Jonathan Freed­land: nor­mal­i­sa­tion and the men­ace of the far right

The Guardian Weekly - - Inside - Jonathan Freed­land

Aword of our time is “nor­mal­i­sa­tion”. It warns of the er­ror of treat­ing as nor­mal that which should in­stead be shunned. It has in its sights the xeno­pho­bic, pop­ulist and racist right em­bod­ied by Don­ald Trump and his hench­men, as well as their Euro­pean and Bri­tish al­lies. It says that these peo­ple should not be af­forded the usual cour­te­sies of civilised, demo­cratic life but should in­stead be left out in the cold.

All my in­stincts are with the anti-nor­malis­ers. In­deed, when it comes to Trump, I got there early, writ­ing even be­fore he’d sworn the oath of of­fice: “Don’t treat Don­ald Trump as if he’s a nor­mal pres­i­dent. He’s not.” I’d hap­pily ex­tend that rule to the likes of Steve Ban­non, briefly Trump’s chief strate­gist, now keen to pose as an im­pre­sario of the pop­ulist in­ter­na­tional, lend­ing his semi-celebrity to far right­ists from Italy’s Mat­teo Salvini to Bri­tain’s own Stephen Yax­ley-Len­non, who styles him­self “Tommy Robin­son”.

So my first im­pulse is to side with those out­raged by the in­vi­ta­tions re­cently ex­tended to Ban­non by the New Yorker or the Econ­o­mist (the former can­celled un­der pres­sure, the lat­ter went ahead). Sim­i­larly, I was as shocked as any­one else to see the orig­i­nal ti­tle – now changed – for an up­com­ing de­bate at Lon­don’s Con­way Hall, fea­tur­ing Trevor Phillips, Claire Fox, David Aaronovitch and the aca­demic Matthew Good­win: “Is ris­ing eth­nic di­ver­sity a threat to the west?”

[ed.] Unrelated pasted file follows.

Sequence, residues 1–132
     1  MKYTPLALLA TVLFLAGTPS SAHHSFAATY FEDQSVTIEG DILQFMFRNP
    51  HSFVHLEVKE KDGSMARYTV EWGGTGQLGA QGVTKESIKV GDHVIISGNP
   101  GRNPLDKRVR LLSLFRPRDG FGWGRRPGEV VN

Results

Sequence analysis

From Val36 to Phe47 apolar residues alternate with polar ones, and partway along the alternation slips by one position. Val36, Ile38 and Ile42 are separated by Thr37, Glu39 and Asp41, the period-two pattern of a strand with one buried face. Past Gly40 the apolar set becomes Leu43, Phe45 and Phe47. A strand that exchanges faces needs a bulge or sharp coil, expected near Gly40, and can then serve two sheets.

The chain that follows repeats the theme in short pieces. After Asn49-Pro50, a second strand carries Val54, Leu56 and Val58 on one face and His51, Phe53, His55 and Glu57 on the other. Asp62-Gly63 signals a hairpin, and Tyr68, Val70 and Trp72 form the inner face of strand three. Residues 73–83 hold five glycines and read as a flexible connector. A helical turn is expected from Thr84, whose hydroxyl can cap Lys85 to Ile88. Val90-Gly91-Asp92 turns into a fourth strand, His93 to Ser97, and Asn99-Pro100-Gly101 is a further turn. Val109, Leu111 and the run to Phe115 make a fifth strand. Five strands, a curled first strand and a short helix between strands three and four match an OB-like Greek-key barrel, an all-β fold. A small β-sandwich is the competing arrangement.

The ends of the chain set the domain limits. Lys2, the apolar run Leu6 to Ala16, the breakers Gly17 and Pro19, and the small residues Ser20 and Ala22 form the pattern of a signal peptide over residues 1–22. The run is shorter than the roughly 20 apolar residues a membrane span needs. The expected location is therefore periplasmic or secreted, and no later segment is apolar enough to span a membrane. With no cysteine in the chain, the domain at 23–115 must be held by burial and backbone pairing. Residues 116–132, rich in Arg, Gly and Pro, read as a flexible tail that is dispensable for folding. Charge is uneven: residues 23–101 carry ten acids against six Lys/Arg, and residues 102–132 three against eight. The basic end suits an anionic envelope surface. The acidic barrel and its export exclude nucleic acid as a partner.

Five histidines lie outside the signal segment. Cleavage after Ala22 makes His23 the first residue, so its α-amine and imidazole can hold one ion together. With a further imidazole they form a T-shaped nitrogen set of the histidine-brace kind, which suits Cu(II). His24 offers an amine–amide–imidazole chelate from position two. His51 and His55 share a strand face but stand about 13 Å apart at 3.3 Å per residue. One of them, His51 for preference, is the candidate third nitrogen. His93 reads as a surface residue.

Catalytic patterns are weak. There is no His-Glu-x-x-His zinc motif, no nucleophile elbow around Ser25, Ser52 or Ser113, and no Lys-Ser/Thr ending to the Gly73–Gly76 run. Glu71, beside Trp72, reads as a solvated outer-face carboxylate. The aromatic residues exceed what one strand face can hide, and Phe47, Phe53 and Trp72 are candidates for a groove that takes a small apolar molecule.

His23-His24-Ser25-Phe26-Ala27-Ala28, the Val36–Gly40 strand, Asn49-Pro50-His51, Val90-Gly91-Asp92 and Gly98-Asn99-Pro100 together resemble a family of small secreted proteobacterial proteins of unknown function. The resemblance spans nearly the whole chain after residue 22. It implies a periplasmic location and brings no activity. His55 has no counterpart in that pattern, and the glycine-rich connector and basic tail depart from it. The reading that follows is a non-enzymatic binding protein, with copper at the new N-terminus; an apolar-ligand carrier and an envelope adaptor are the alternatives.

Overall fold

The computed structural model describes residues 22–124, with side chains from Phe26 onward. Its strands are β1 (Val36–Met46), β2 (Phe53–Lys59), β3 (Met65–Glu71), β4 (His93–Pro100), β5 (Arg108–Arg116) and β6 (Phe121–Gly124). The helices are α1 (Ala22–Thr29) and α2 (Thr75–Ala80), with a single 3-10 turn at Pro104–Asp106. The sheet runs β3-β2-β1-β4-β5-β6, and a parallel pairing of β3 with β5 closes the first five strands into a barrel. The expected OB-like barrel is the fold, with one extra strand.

The ob­jec­tions are fa­mil­iar. In the Ban­non case, those two great mag­a­zines were not only grant­ing a plat­form to a white na­tion­al­ist whose Bre­it­bart site has long ped­dled mul­ti­ple shades of big­otry and misog­yny. They were lend­ing him the pres­tige of their plat­form, dig­ni­fy­ing his ideas with their own good name, thereby grant­ing those ideas a main­stream le­git­i­macy they should be de­nied.

It’s no good sim­ply cry­ing free speech or de­nounc­ing cen­sor­ship. Nei­ther the Econ­o­mist nor the New Yorker would open its doors to the im­pe­rial wizard of the Ku Klux Klan or the Holo­caust-deny­ing David Irv­ing, so we know they draw the line some­where. But where?

The rea­son they would keep out the Klan or Irv­ing is clear if ap­par­ently para­dox­i­cal. Tol­er­ant so­ci­eties can tol­er­ate ev­ery­thing ex­cept ex­treme in­tol­er­ance. Lib­eral democ­racy is al­lowed, or even obliged, to re­pel those who would, given half a chance, use the norms of lib­eral democ­racy to de­stroy it. To quote An­drew McLaugh­lin, a tech­nol­o­gist who was in­vited to that same Econ­o­mist fes­ti­val and who protested against Ban­non’s in­clu­sion: “Treat­ing racist ex­trem­ists as pari­ahs is not just an ex­pres­sion of our re­vul­sion at their views; it is a nec­es­sary tac­tic in de­fend­ing our lib­eral demo­cratic order against those who aim to gain power within our sys­tems only to re­place them with some­thing hor­rific.”